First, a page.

Driven by Anger & Genetics: Roots Rocker Monty Warren Launches New CD “Far Out Close Up”
On Oct. 22, roots rockers Monty Warren & The Friggin’ Whatevers (MWFW) came together at Alligator Alley Native Florida Sub Pub & Tap Room in Oakland Park, Fla. to celebrate the launch of MWFW’s newest CD, Far Out Close Up, and the birthdays of Monty Warren, Chuck Berry and local musician/bar owner, Kilmo Doome (aka Carl Pacillo).
“This CD was released on Keith Richards’ birthday at the end of last year,” said Warren. “But that was the official CD Launch Party because we finally found the time to appear on stage.”
The Palm Beach Post named Far Out Close Up to its annual Best Music List in 2015.
With the exception of Monty Warren (who writes and sings the tunes, and plays rhythm guitar) and his lead guitarist John Beemiller, the “Whatevers” tend to be…whatever. This time around, South Florida veteran musicians Bill Meredith and Ron DeSarem were on drums and bass, respectively.
“John Beemiller is the common denominator,” said Warren. “Every musician on that stage has a history playing with him in a band over the years.” Warren and Beemiller go back as far as the ’80s when they both played in the South Florida band Fallen Angels.
“Giving these local bands a spot where they can shine is what Alligator Alley is all about,” said Pacillo, who opened the bar in April.
Indy Week stated that Monty Warren & The Friggin’ Whatevers “retroactively bridge the gap between ’70s pub rock/power pop and the arrivals of Tom Petty, Graham Parker and Elvis Costello…”
“It’s kind of fitting that one of our songs on the new CD is Raise the Bar,”said Beemiller, who flew in from Nashville, Tenn. to join in the festivities, and co-wrote the tune with Warren. “Because that’s exactly what we did.”
I was able to catch Perpetual Motion Man, Monty Warren, for a brief interview right after Far Out Close Up was released. Here’s the Q & A from that relatively revealing meetup:
How would you describe your new album Far Out Close Up?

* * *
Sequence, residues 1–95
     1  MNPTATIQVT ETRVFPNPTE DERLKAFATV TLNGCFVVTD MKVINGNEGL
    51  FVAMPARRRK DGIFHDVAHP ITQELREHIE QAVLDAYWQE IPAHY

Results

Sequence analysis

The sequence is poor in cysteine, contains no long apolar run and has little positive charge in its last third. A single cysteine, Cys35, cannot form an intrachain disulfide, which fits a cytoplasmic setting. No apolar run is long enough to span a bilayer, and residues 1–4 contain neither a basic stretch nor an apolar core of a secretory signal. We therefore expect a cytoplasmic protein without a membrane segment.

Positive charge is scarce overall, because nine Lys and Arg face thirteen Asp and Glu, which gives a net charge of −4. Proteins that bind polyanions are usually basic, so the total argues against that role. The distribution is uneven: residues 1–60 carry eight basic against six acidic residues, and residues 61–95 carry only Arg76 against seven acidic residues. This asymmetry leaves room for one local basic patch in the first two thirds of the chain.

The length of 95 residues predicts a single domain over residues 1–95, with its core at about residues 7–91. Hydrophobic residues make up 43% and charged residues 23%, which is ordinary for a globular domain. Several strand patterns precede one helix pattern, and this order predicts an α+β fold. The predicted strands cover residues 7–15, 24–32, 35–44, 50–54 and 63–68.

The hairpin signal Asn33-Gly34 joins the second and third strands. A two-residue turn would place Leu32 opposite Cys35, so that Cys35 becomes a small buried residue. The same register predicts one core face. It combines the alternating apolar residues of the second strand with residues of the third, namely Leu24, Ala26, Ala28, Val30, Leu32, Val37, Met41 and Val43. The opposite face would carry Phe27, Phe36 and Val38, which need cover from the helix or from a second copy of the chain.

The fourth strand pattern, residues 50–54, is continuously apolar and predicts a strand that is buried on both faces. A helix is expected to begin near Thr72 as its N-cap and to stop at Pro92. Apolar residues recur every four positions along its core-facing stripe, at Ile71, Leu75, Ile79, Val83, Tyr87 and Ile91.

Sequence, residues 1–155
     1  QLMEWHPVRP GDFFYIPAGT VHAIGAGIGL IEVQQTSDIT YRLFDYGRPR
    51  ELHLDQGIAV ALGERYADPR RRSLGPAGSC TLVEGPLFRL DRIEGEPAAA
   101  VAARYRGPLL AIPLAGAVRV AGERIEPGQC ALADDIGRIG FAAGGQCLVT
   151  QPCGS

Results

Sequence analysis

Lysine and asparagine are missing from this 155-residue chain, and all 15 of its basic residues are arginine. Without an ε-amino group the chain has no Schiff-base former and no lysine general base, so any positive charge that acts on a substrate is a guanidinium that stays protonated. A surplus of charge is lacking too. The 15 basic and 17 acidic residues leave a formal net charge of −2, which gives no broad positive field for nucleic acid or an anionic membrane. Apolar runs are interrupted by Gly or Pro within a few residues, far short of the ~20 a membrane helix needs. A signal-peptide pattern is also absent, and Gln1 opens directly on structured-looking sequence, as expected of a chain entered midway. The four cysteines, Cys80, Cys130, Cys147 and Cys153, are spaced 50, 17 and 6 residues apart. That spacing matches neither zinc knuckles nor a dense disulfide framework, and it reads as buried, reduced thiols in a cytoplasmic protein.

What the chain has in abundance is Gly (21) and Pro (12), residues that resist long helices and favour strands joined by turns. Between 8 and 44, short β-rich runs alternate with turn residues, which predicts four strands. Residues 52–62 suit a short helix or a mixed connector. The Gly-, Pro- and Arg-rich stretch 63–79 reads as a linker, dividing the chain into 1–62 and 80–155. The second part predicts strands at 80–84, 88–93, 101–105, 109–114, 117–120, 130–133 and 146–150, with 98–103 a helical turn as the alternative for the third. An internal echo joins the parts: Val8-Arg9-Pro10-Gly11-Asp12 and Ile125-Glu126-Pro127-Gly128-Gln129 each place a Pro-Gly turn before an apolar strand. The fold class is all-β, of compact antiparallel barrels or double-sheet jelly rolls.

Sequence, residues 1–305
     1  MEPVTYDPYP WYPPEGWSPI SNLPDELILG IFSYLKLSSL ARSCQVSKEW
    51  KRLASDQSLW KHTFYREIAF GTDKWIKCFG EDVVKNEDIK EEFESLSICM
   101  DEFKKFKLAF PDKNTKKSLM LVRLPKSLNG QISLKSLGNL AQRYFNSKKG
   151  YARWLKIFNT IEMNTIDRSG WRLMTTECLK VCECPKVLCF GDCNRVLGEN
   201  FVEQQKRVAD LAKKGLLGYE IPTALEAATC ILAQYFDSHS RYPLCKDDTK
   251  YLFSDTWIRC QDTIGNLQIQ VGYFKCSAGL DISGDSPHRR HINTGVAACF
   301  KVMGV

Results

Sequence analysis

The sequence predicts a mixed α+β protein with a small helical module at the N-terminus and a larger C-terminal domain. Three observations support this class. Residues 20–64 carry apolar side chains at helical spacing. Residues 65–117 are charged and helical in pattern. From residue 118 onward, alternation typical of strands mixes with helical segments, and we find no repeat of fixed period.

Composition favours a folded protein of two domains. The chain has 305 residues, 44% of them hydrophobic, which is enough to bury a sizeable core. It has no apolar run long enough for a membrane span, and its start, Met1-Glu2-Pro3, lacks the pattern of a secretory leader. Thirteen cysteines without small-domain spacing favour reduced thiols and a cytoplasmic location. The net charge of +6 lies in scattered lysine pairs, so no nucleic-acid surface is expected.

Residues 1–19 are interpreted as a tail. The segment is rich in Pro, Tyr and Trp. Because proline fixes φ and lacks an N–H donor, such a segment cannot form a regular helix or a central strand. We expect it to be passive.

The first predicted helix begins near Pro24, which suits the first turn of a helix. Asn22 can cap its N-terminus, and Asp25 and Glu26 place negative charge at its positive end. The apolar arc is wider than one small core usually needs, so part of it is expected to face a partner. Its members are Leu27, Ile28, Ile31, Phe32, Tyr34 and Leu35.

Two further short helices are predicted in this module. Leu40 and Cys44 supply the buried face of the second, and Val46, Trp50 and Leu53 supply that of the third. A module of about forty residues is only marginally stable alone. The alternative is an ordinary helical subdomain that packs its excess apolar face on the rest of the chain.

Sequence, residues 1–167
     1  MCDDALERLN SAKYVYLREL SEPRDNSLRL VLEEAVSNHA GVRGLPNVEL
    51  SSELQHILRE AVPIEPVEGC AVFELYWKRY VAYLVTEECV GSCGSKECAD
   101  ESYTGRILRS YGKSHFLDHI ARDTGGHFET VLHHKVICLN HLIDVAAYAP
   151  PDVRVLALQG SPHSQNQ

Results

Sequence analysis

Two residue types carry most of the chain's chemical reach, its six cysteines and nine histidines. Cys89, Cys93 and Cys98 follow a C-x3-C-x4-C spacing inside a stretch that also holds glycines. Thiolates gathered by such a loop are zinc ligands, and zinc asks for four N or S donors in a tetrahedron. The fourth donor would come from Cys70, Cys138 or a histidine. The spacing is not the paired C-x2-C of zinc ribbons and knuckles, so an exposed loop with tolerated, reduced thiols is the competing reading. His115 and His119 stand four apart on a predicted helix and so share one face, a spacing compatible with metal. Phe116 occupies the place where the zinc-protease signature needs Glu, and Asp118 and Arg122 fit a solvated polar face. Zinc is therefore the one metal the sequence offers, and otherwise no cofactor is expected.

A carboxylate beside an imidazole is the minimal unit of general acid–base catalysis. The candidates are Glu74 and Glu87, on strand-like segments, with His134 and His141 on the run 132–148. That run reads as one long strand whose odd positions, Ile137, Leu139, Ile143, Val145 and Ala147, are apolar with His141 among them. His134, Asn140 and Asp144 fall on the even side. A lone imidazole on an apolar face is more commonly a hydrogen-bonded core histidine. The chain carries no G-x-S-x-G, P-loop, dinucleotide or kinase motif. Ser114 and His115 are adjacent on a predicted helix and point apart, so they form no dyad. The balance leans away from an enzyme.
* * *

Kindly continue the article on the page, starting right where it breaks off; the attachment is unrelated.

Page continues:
MW: A journey through the musical influences you exposed me to before I knew how to curse.
Full disclosure: Monty Warren is my brother. If you’ve ever seen the opening scenes of the film Almost Famous, that was our story. I left Florida after dropping out of FSU, leaving my little brother all my rock and roll albums.
Monty Warren [Photo by Elizabeth De La Rosa, Rock-n-Roses Photography]
What has inspired you the most in putting together the songs and the music?
MW: What inspires me the most right now is that I may finally be beginning to understand better my own voice and the process of recording and producing.
Who inspired you the most as a musician?
MW: Keef, of course. Paul Westerberg, Steve Earle, Michael Penn and John Lennon. Oh yeah, and Rod Stewart and The Faces, Tom Petty, Dylan, Big Star, Neil Young, and The Kinks. You can hear our homage to Morris Day and the Time in Raise the Bar.
Any favorite songs on this new album that just make you go “Wow”?
MW: Warren names off several. Of particular note are Raise the Bar with its engaging opening riff and fun lyrics [Baby, I know you’re getting tired of the same old thing / You got me all inspired like Martin Luther King]; the ethereal, tongue-in-cheek Into the Light [Floating high into the clouds / Don’t forget to write / Give them all my best regards / Heading into the Light]; and the ode to our once-homeless mother, Grace of God [And all you fat cat politicians / Gotta miss a meal once in a while / And try and work up some contrition / Before your eternal soul stands trial].
How has your music grown since Trailer Park Angel?
MW: What really changed things around was becoming friends with David McConnell, who produced Elliott Smith. In rock songwriting, he opened me up beyond three or four chords and a bridge, and introduced me to a different method of recording rock and roll. This record would never have been written and recorded in the same fashion had our paths not crossed.
SoCal musician and artist David McConnell collaborated, produced and engineered the late Elliott Smith’s final album, From a Basement on the Hill.
What do you hope listeners will take away with them when they hear the album?
MW: A happy and optimistic smile, and a spring in their step.
You’ve put out three albums since the first in 2008 while maintaining a thriving law practice, and gotten great reviews and sales. What is the most challenging aspect of balancing your two careers?
Since this interview, Warren has turned down the volume on his legal career, and escaped into semi-retirement
Do you ever have any listeners who ask you who that song is about or anyone who accuses you of writing about them and they’re not happy about it? Or the opposite?
MW: No one ever talks to me so it’s easy to avoid having to dodge that situation.
What drives your passion for music?
MW: Anger and genetics.
You divide your music time between Florida and Raleigh, N.C. What does Raleigh mean to you as a musician?
MW: Raleigh is Rock and Roll Heaven to me. Clubs book you and folks still show up to listen to local original rock and roll. The people I meet there are wicked smart, sly as foxes and friendly as Aunt Bea; and they are killer musicians, so just being in that mix makes you want to write and play music just to keep up with them.
Monty Warren & The Friggin’ Whatevers Website: http://www.montywarren.com